The China Price: evidence and some implications

Sebastian Claro, Roberto Álvarez

Research output: Contribution to journalArticlepeer-review

Abstract

China’s import penetration in Chilean markets is higher in unskilled-labor
intensive sectors as predicted by traditional endowment-based theories of
comparative advantage. However, there is also evidence of within-industry
specialization. In particular, high-income countries receive higher prices for
its products, and Chinese products are not only cheaper in comparison to the
world average but also relative to countries with similar income per capita.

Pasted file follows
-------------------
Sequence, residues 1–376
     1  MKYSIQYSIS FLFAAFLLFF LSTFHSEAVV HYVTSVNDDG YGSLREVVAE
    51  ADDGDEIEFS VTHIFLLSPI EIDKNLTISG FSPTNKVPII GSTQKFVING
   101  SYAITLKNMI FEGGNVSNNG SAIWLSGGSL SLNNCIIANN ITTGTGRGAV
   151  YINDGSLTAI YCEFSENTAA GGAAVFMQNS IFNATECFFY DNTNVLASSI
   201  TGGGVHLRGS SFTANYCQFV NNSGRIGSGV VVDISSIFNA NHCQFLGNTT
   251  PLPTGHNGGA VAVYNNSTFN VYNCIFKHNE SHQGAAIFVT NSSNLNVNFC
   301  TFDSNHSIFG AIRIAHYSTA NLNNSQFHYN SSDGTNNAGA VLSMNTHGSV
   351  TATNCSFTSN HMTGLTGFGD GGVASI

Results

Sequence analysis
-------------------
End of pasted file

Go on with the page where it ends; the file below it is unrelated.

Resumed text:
These price differences cannot account for the depth and sectoral distribution of
China’s import penetration. The relative price of Chinese products have stayed
relatively constant since the beginning of the 1990s, which means that factors
other than price, like quality upgrading, productivity growth or the access of
foreign direct investment are crucial to explain the Chinese import boom.
Original languageAmerican English
Pages (from-to)117-139
JournalEstudios de Economia
Volume33
Issue number2
StatePublished - 2006

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